a module for implementing an interface, the interface allowing at least one user input; a module for receiving a plurality of attributes; a module for building a tree in accordance with the at least one user input by using a modified forward stepwise regression process to select at least one attribute from the plurality of attributes; and a module for performing regression analysis to calculate at least one regression result for an attribute subset in a tree branch when the tree branch is in compliance with at least one criterion and the attribute subset has not been previously analyzed. 30. The apparatus of 31. The apparatus of Description [0001] A portion of the disclosure of this document contains material that is subject to copyright protection. The copyright owner has no objection to the facsimile reproduction by anyone of the patent disclosure, as it appears in the U.S. Patent and Trademark Office patent files or records, but otherwise the copyright owner reserves all copyright rights whatsoever. [0002] The present invention relates generally to parametric modeling processes and more particularly to the development and evaluation of parametric price-prediction models. [0003] Parametric models (regression formulas) are often relied upon by parts purchasers and/or suppliers during negotiations to predict prices based on observed prices and part attributes. Indeed, the value of parametric price-prediction models has become so recognized that both purchasers and suppliers are now developing parametric price-prediction modeling processes for use during future negotiations. [0004] Although other predicted price formulas are possible, predicted prices are generally a linear function of the objective part attributes. Some of the various part attributes that may be considered include physical characteristics (e.g., material, length, weight, etc.), functional characteristics (e.g., passenger door versus landing gear door, etc.), among numerous other attribute possibilities. In addition, attributes that are functions of other attributes (e.g., Area=Width*Length) may also be used in a parametric price-prediction model. Determining which attributes to collect and calculate when constructing a model is a very complex and complicated task for the modeler and others involved in the parametric modeling process. [0005] In addition to the attributes that tend to determine costs, purchased parts also reflect the competitive pressures of a free market economy. Thus, another goal in the development of a parametric pricing model is to simulate a competitive marketplace and use this simulation to compare or rank suppliers. [0006] Data complexity for parts and part assemblies continues to increase. Indeed, it is not uncommon for part assemblies to require consideration of about one-thousand (1,000) attributes. Due to the complexity of the data associated with such part assemblies, a substantial amount of time is needed for developing and evaluating the more challenging parametric price modeling of part assemblies. [0007] Meanwhile, and despite the increasing data complexity associated with both parts and part assemblies, staff and modeling time available for parametric price modeling has decreased. Moreover, re-pricing parts over time also requires new models based on updated data, which only further adds to the disparity between the modeling effort required and the limited amount of available staff and modeling time. [0008] Developing candidate models with existing known methods and tools typically requires at least about one-half (0.50) hour per candidate model. Even with 20 to 50 attributes in the data, modelers will construct and manually evaluate hundreds of candidate models. Understandably then, developing price-prediction models for datasets including hundreds of attributes, which can generate many hundreds or even thousands of candidate models, can be especially time consuming. Moreover, after expending the time and resources to develop a candidate model, the candidate model may ultimately be rejected because it fails simple reasonability tests (e.g., too high a correlation between two attributes, an unreasonably large number of negative predicted prices, etc.) applied after the model has been constructed. In the past, this review has been done through manual review by modelers. [0009] In addition, a predominantly manual selection process may overlook a good candidate model because tracking model development is difficult with existing tools and resources. In addition, models must be reconstructed when data changes because data changes can render interim modeling and price prediction results useless. As a result of such data changes, a substantial amount of time is currently spent on updating and revalidating parametric pricing models to retain full credibility. [0010] Computerized statistical analysis tools do exist, such as Statistica® statistical analysis software available from Statistica, Inc. Corporation of Gaithersburg, Md. and JMP® statistical analysis software available from SAS Institute Inc. Corporation of Cary, N.C. However, the existing computerized tools are manually driven, require significant user interaction, and produce one candidate model at a time such that the regressions are considered in isolation and reviewed individually by the modeler. Although the existing computerized statistical analysis tools allow for construction of models without writing software, the existing tools do not keep track of candidate models well and require each model to be constructed under significant human control. Accordingly, the current approach to developing and testing candidate models is time consuming especially when hundreds of candidate models must be tested or retested as data changes. Moreover, the current approach is not possible when thousands or even hundreds of thousands of candidate models must be tested or retested. [0011] Accordingly, a need remains for a system and method that reduces the cycle development time for parametric models. Ideally, such a system should allow efficient model updating in response to data changes and permit extensively documented and organized modeling activities for complex statements of work in which hundreds of attributes are common. [0012] In one form, the present invention provides a system for enabling optimization of a parametric modeling process. The system includes a processor and an interface that allows a user to readily specify various input parameters that will be used by the system. Additionally, the system includes a regression analysis tree program that is executable by the processor. Upon execution by the processor, the regression analysis tree program operates to build a tree in accordance with the at least one user input by using a modified forward stepwise regression process to select the attributes for the tree's branches from a plurality of attributes. After the tree is built, the regression analysis tree program then performs regression analysis to calculate at least one regression result for an attribute subset in a tree branch when the tree branch is in compliance with at least one criterion and the attribute subset has not been previously analyzed. Accordingly, the present invention optimizes and substantially improves several aspects of the parametric modeling process including model development, model reliability, model updating after attribute data changes, model testing, model reporting, and model comparison. [0013] Further areas of applicability of the present invention will become apparent from the detailed description provided hereinafter. It should be understood that the detailed description and specific examples, while indicating at least one preferred embodiment of the invention, are intended for purposes of illustration only and are not intended to limit the scope of the invention. [0014] The present invention will be more fully understood from the detailed description and the accompanying drawings, wherein: [0015]FIG. 1 is a schematic of a preferred embodiment of a system allowing for an optimized parametric modeling process in accordance with the principles of the present invention; [0016]FIGS. 2A and 2B form a functional block diagram of the interface shown in FIG. 1; [0017]FIG. 3 is a diagram of an exemplary tree that may be constructed by the system shown in FIG. 1; [0018]FIG. 4 is a functional block diagram of the regression analysis tree program shown in FIG. 1; [0019]FIG. 5 is a functional block diagram of the tree building operation of the regression analysis tree program shown in FIG. 4; [0020]FIG. 6 is a functional block diagram of the branch and subset testing operation of the regression analysis tree program shown in FIG. 4; [0021]FIG. 7 is an illustration of a Sources Table panel that may be displayed upon execution of the interface by the system shown in FIG. 1; [0022]FIG. 8 is a an illustration of a Select File panel that may be after the Select File button has been selected; [0023]FIG. 9 is a an illustration of a Select Table(s) panel that may be after the Select Table(s) button has been selected; [0024]FIG. 10 is a an illustration of a Select Special Fields panel that may be after the Set Special Fields button has been selected; [0025]FIG. 11 is an illustration of the Tree Controls panel that may be displayed after the Tree Controls tab has been selected; [0026]FIG. 12 is an illustration of the Skip Attributes panel that may be displayed after the Skip Attributes tab has been selected; [0027]FIG. 13 is an illustration of a Run Progress dialog box that may be displayed after the Run button has been activated; [0028]FIG. 14 is another illustration of the Run Progress dialog box shown in FIG. 13; [0029]FIG. 15 is an illustration of the Select Results panel that may be displayed after the Select Results tab has been selected; and [0030]FIG. 16 is an illustration of the View Results panel that may be displayed after the user has finished entering data into the Select Results panel shown in FIG. 15. [0031] Corresponding reference characters indicate corresponding features throughout the drawings. [0032] Referring to FIG. 1, there is shown a control system, generally indicated by reference number [0033] As shown in FIG. 1, the system [0034] The computer [0035] The storage device [0036] In the illustrated embodiment, the system [0037] The system [0038] The system [0039] The attribute data [0040] The system [0041] It is to be understood that the computer readable program code described herein can be conventionally programmed using any of a wide range of suitable computer readable programming languages that are now known in the art or that may be developed in the future. Preferably, the computer readable programming language comprising the regression analysis tree program [0042] It is also to be understood that the computer readable program code described herein can include one or more functions, routines, subfunctions, and subroutines, and need not be combined in a single package but may instead be embodied in separate components. In addition, the computer readable program code may be a stand-alone application, or may be a plug-in module for an existing application and/or operating system. Alternatively, the computer readable program code may be integrated into an application or operating system. In yet another embodiment, the computer readable program code may reside at one or more network devices (not shown), such as an administrator terminal, a server, etc. [0043] In the preferred embodiment, the execution of the interface software package [0044] Although the present invention is described with the regression analysis tree program [0045] The interface [0046] According to one preferred embodiment, the interface [0047] As shown in FIG. 2A, operation [0048] The interface [0049] At operation [0050] At operation [0051] Other settings that the user can also enter at operation [0052] During operation [0053] After the attribute data [0054] At operation [0055] Referring now to FIG. 2B, the interface [0056] Minimum adjusted R [0057] Maximum stacking index; [0058] Maximum number of outliers; [0059] Maximum number of negative predicted values; [0060] Whether to ignore outliers or not in counting negative predicted values; [0061] Minimum acceptable student's t-statistic in an attribute coefficient (ignoring the intercept); [0062] Maximum allowable Predicted to Actual (or Actual to Predicted) ratio for all parts considered, for parts excluding outliers, or for parts including up to the 90 [0063] The maximum number of negative coefficients (ignoring the intercept). [0064] The results, if any, that are in compliance with the selection criteria are preferably sorted in an order according to one of several choices or their appearance in the tree. In the illustrated embodiment, operation [0065] Minimum adjusted R [0066] Stacking Index; [0067] Number of outliers; [0068] Number of negative predicted values; [0069] Minimum t-value; [0070] Maximum Actual to Predicted ratio; [0071] Number of negative coefficients; [0072] Number of attributes; and/or [0073] An objection function to maximize such as Money on the Table (MOTT). [0074] Briefly, MOTT is a measure of potential price savings for a given Statement of Work. At its simplest, MOTT is the sum of all parts considered in a model of the quantity of part purchased multiplied by the positive excess of actual price over predicted price (zero if the actual price is less than the predicted price). MOTT can be calculated as follows:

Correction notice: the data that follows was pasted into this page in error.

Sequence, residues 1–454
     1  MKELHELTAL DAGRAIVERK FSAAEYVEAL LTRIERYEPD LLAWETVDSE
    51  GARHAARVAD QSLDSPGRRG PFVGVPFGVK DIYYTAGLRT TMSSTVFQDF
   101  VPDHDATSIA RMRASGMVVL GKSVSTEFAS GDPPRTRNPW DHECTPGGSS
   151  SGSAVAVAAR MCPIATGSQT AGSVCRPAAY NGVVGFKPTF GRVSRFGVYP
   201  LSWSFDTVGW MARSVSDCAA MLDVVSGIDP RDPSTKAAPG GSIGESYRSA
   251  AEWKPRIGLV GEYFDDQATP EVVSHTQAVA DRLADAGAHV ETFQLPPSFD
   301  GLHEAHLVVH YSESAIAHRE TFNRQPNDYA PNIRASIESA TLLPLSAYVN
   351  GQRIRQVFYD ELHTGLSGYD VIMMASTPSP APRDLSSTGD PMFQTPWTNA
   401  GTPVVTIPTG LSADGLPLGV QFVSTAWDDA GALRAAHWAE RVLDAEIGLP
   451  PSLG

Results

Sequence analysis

[0075] where Q is the anticipated quantity of the part with price P, and the sum is over parts with a price (P) in excess of the predicted price (P [0076] The Maximum Actual to Predicted ratio is the maximum of all ratios P/P [0077] The stacking index is an indicator of the amount of variation between the predicted prices for different parts. Ideally, the formula should provide a different predicted price for each different part. The stacking index varies between zero to one-hundred percent (100%). A stacking index of one-hundred percent (100%) indicates that the model predicts the same price for every part. Such a model might be considered unreasonable as not being smart enough to address the manner in which prices ought to vary for variations in the parts. A stacking index of zero (0) indicates that the model predicts a different price for each different part. [0078] The following is an example showing the manner in which the stacking index is calculated. It should be noted, however, that the following example is for illustration purposes only and should not be construed as limiting the invention. In this example, the following parts, actual prices, and predicted prices are used as follows: